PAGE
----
Are you satisfied with your prayer life? I don’t know too many people who would answer yes to that question, because most of us know that we fall short in this discipline. Even the most mature believers recognize their need for improvement, and one of the best methods for doing that is examining scriptural prayers and using them as a model.

Several of Paul’s prayers are recorded in his epistles, and they supply wonderful insights about different ways to pray. In today’s passage, we see two foundations for prayer.

A Humble Attitude. Paul’s physical posture of bending his knees served as a reminder of his submissive position before the heavenly Father. He knew there was nothing in himself that would cause the Lord to hear and respond. He had access to the throne of God only through his relationship with Jesus Christ. Paul did not make himself the center of the conversation but focused on the Lord and the church for whom he was interceding.

A Focus on God. The foundation of Paul’s prayer life was the Trinity. The apostle understood that God the Father adopts all believers worldwide into His family for eternity; that there are glorious riches found in God the Son; and that God the Holy Spirit has limitless power. The requests Paul made for the Ephesians were based on almighty God’s matchless abilities, resources, and power.

Although we can confidently approach the Lord’s throne of grace, we must always remember that we are but humble servants, and He is our exalted God.

Having a Rich Prayer Life

Prayer is an amazing privilege because it involves conversation with our heavenly Father. Yet, if we are honest, there are times when it seems more like a duty than a joy.  This is especially true if we reduce our prayers to a formula or routine, which can deaden our desire to talk to God.

In today’s passage, Paul’s prayer is just the opposite—it is full of life, spiritual truths, and love for his Lord. He asked God to do a great spiritual work in the Ephesians’ lives and, by extension, in ours as well:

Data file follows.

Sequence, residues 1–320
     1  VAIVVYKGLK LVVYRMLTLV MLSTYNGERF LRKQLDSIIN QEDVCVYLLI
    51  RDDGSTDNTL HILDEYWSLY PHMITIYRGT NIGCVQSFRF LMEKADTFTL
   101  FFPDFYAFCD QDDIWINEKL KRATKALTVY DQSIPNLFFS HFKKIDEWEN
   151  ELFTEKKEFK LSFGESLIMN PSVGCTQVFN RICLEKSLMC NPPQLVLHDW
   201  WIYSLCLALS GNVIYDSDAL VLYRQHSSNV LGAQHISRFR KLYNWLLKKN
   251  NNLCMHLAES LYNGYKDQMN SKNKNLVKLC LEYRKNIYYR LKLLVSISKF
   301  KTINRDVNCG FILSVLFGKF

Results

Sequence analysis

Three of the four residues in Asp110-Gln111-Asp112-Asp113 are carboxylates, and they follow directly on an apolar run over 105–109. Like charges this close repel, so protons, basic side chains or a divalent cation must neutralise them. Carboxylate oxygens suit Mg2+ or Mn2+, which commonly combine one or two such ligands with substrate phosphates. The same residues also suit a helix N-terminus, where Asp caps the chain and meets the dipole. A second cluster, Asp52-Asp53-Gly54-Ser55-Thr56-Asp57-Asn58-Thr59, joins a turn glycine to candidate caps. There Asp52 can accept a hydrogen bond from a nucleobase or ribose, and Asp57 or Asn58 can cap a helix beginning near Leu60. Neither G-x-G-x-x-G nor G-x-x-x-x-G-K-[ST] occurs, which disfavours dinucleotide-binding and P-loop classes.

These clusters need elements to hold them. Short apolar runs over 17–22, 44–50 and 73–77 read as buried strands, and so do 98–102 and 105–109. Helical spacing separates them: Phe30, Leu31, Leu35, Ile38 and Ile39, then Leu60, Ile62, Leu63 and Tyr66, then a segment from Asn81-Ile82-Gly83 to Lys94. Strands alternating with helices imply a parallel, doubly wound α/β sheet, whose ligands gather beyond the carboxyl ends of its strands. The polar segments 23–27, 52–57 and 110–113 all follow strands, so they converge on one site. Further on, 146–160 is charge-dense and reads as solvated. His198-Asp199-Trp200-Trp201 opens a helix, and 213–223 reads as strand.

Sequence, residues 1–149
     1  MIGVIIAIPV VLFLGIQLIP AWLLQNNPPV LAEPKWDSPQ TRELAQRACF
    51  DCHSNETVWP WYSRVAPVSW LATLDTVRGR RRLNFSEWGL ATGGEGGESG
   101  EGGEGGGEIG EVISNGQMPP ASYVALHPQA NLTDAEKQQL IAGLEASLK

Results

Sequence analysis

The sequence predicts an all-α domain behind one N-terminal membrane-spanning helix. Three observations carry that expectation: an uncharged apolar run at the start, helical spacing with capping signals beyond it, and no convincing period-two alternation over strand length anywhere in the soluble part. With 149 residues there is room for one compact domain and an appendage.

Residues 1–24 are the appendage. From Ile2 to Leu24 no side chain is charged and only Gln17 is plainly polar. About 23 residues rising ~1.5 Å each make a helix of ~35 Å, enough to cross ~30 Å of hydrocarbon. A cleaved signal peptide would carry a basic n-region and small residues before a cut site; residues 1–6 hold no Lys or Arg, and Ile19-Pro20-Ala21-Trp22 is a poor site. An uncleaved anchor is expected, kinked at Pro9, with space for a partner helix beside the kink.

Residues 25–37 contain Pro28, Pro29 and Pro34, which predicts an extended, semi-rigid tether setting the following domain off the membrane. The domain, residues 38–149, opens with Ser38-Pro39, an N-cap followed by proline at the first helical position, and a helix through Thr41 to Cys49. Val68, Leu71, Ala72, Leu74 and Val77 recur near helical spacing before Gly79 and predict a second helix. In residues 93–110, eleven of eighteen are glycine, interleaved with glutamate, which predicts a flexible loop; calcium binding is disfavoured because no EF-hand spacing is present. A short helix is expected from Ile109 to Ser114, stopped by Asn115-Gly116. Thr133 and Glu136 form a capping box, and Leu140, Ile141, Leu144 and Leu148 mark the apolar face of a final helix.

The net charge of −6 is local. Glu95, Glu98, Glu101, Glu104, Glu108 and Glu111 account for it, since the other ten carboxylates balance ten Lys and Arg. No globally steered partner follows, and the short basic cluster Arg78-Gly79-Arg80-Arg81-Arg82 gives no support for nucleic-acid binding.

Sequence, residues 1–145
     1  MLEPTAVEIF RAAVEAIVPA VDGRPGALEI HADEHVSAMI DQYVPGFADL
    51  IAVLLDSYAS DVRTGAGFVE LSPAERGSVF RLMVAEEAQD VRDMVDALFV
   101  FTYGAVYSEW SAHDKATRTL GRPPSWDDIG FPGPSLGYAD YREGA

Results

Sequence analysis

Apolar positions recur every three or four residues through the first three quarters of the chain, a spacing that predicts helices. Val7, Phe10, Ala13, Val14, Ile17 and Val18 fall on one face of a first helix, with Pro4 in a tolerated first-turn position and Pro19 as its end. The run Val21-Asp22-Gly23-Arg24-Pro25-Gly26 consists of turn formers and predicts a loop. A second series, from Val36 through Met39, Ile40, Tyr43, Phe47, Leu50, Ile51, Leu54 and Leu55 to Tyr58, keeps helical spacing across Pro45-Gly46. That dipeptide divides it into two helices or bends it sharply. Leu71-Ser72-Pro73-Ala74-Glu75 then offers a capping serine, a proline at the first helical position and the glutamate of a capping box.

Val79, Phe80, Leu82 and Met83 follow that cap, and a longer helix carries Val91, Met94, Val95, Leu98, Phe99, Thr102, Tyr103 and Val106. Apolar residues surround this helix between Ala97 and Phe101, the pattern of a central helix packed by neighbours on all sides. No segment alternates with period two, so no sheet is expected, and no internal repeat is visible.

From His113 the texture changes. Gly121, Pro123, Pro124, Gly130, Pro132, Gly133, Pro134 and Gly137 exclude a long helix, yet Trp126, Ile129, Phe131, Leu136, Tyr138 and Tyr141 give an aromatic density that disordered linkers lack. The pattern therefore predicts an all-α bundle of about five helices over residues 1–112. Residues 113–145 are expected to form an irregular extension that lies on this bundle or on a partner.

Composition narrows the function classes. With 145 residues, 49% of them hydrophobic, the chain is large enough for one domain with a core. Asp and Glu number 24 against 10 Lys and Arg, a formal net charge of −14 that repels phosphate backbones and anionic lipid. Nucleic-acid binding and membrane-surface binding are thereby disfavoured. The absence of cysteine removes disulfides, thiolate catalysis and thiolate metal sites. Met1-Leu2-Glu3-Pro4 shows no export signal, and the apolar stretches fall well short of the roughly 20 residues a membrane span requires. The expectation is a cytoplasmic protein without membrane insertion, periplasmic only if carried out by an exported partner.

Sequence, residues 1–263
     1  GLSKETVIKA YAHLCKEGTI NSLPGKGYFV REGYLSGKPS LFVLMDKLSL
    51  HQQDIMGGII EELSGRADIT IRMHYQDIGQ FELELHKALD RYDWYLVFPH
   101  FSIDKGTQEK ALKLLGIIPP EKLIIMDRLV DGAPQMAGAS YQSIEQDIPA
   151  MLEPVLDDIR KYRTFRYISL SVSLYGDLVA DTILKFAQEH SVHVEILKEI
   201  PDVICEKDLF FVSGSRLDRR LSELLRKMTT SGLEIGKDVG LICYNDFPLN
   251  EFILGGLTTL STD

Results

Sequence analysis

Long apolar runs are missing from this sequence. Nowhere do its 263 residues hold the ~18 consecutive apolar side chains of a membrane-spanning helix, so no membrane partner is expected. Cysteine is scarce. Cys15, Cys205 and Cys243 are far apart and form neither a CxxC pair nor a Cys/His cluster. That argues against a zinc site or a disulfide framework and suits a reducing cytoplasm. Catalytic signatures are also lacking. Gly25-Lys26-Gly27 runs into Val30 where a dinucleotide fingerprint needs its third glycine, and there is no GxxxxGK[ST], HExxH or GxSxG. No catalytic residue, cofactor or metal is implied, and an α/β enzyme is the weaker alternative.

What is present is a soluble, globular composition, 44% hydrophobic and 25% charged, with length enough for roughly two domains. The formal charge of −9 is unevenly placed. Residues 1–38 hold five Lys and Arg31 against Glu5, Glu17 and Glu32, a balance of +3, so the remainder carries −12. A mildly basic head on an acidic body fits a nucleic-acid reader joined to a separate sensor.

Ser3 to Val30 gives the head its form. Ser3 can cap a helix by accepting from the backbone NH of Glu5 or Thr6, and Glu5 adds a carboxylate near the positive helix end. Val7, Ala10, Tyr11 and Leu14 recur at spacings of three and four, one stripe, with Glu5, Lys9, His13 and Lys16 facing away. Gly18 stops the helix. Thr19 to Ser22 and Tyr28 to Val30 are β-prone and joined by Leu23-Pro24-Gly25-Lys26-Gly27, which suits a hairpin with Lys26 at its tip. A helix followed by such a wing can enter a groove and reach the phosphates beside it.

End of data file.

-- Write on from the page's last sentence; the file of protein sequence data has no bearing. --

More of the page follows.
To gain a greater comprehension of Christ’s love for us. Although it’s beyond our ability to fully grasp the vastness of our Savior’s love, Paul prays that we will be so firmly rooted and grounded in this truth that we will become controlled by it and “filled up to all the fullness of God” (v. 19). Experiencing Jesus’ love motivates us to obediently live for Christ and enables us to care deeply for others.

To be strengthened with the Lord’s supernatural power. Paul both praises God’s matchless power and invites it into our hearts. The most important battles take place inside us—in our minds, wills, and emotions—and Paul wants to ensure that the power of the Holy Spirit will be at work in our lives. When we welcome His authority, God can use us in meaningful ways, and what’s more, we will exhibit the life of Jesus in fuller measure.

Although physical and material needs are important, the apostle’s prayers more often focused on the spiritual welfare of others. That is a good example for us to follow as well.

Comebacks After Setbacks

Whether you have recently become a believer or have followed Christ for many years, you’ve undoubtedly discovered that the Christian life is a series of highs and lows. The truth is, we are never ultimately defeated because Christ overcame sin and death for us on the cross. Yet Scripture still warns us not to yield to the sinful desires of our flesh, conform to this world’s evil system, or fall for the schemes and lies of the devil. 

Since we are not totally free from the corrupt influences in and around us, the Lord has provided a way for us to come back and be restored. It is called confession, and it involves humbling ourselves, telling God what we have done, and agreeing with Him that it is wrong. Then God promises to forgive and cleanse us so that we might be restored to fellowship with Him (1 John 1:9). The good news is that we are not alone in this battle with sin.

We have God’s Holy Spirit, by whom we put to death the deeds of the flesh (Rom. 8:13).
We have God’s Word, by which we grow in respect to salvation (1 Pet. 2:2).
We have God’s grace, which instructs us to deny ungodliness and worldly desires and live righteously (Titus 2:11-12).
We have God’s promise that He will complete the good work He has begun in us (Phil. 1:6).

When you sin, think of confession not as a dreaded duty but as a gracious gift of God. Take advantage of this privilege without shame, knowing that restoration is on the other side.

Too Sinful to Save?